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Structured Types

P: n/a
I've been looking at the information on Structured Types in the certifcation
guide and have previously read it in the DB2 manuals. As neat as Structured
Types are, I'm very curious to know if they are being heavily used in the
real world? Or are they just a "nice to have" feature that no one actually
uses?

I'm also curious to know if anyone is finding them dramatically better than
regular tables? If so, WHY are they finding the structured types so good?

--

Rhino
Dec 10 '07 #1
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4 Replies


P: n/a
rhino wrote:
I've been looking at the information on Structured Types in the certifcation
guide and have previously read it in the DB2 manuals. As neat as Structured
Types are, I'm very curious to know if they are being heavily used in the
real world? Or are they just a "nice to have" feature that no one actually
uses?
If you ask me OO in RDBMS was a knew-jerk reaction to fend of OODBMS
(which, as well all know now remained niche products).
Teh only common usage scenarios in DB2 for structured types are the
spatial extenders.
I'm also curious to know if anyone is finding them dramatically better than
regular tables? If so, WHY are they finding the structured types so good?
I don't think you can compare structured types with tables. Unless you
mean typed tables vs. regular tables.
If anything I would compare structured types with XML.

Cheers
Serge
--
Serge Rielau
DB2 Solutions Development
IBM Toronto Lab
Dec 10 '07 #2

P: n/a
rhino wrote:
I've been looking at the information on Structured Types in the
certifcation guide and have previously read it in the DB2 manuals. As neat
as Structured Types are, I'm very curious to know if they are being
heavily used in the real world? Or are they just a "nice to have" feature
that no one actually uses?

I'm also curious to know if anyone is finding them dramatically better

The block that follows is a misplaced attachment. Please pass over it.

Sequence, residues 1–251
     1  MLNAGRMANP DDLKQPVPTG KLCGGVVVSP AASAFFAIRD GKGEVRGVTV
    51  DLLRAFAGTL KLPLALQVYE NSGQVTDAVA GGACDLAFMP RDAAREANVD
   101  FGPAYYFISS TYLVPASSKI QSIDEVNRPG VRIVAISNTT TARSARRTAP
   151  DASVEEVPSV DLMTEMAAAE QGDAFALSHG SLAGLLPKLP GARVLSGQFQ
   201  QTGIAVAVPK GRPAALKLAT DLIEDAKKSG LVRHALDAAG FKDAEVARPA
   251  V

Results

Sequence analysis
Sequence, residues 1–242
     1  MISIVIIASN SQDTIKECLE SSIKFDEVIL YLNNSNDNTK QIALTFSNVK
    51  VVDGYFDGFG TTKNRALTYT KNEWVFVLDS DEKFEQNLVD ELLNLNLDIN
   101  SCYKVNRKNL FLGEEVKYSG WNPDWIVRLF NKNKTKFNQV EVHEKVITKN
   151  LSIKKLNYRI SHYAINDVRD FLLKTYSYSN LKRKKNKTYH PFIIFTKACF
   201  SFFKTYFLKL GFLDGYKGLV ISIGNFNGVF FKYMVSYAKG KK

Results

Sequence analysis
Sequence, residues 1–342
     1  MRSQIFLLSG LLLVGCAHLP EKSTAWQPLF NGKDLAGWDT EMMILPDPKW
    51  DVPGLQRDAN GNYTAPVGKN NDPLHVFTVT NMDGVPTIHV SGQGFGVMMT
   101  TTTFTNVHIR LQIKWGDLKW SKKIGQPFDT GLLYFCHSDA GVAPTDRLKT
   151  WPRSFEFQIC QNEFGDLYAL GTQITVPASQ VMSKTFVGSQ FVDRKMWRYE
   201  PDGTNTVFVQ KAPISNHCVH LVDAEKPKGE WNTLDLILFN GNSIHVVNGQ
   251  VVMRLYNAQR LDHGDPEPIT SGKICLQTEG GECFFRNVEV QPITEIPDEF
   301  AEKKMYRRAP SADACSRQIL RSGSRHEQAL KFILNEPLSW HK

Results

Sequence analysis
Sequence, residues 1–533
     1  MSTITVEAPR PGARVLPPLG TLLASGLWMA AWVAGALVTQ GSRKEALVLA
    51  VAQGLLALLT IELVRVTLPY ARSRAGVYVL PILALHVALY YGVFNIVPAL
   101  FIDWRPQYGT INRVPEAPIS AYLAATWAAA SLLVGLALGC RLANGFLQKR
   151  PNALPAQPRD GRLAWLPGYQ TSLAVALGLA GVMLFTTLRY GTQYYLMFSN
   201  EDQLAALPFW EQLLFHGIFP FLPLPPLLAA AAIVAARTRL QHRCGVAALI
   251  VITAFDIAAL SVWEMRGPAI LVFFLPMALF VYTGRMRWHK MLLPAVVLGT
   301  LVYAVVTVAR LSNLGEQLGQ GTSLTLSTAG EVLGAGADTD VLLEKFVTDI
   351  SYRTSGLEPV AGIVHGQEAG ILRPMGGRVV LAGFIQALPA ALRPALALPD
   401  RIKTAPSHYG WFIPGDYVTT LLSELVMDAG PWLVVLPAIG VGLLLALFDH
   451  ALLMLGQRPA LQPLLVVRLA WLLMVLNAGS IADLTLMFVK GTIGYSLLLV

than regular tables? If so, WHY are they finding the structured types so
good?
I think Serge already summed it up quite nicely. As a bit of background
information on the DB2 Spatial Extender: structured types were used in this
product to provide encapsulation for different pieces of geometries and
also to tie special spatial indexing mechanisms. (The indexing questions
could be solved in different ways, too.) Internally, the spatial data
types contain a BLOB in which all the geometry data is encoded.

I consider one thing as a really nice feature for structured types: if you
wrap a BLOB/CLOB into such a type, you can exploit the buffer pools for
small LOBs while really large objects are treated as always.

--
Knut Stolze
DB2 z/OS Utilities Development
IBM Germany
Dec 10 '07 #3

P: n/a
Knut Stolze wrote:
I consider one thing as a really nice feature for structured types: if you
wrap a BLOB/CLOB into such a type, you can exploit the buffer pools for
small LOBs while really large objects are treated as always.
True... but that's hardly an OO feature. After fixing blocking and DRDA
inlining for LOBs in DB2 9.5 there's hope this OO advantage's days are
numbered.

Cheers
Serge
--
Serge Rielau
DB2 Solutions Development
IBM Toronto Lab
Dec 10 '07 #4

P: n/a
Serge Rielau wrote:
Knut Stolze wrote:
>I consider one thing as a really nice feature for structured types: if
you wrap a BLOB/CLOB into such a type, you can exploit the buffer pools
for small LOBs while really large objects are treated as always.

True... but that's hardly an OO feature.
Naturally...
After fixing blocking and DRDA
inlining for LOBs in DB2 9.5 there's hope this OO advantage's days are
numbered.
In case I can vote here: I'm all for it. ;-)

--
Knut Stolze
DB2 z/OS Utilities Development
IBM Germany
Dec 11 '07 #5

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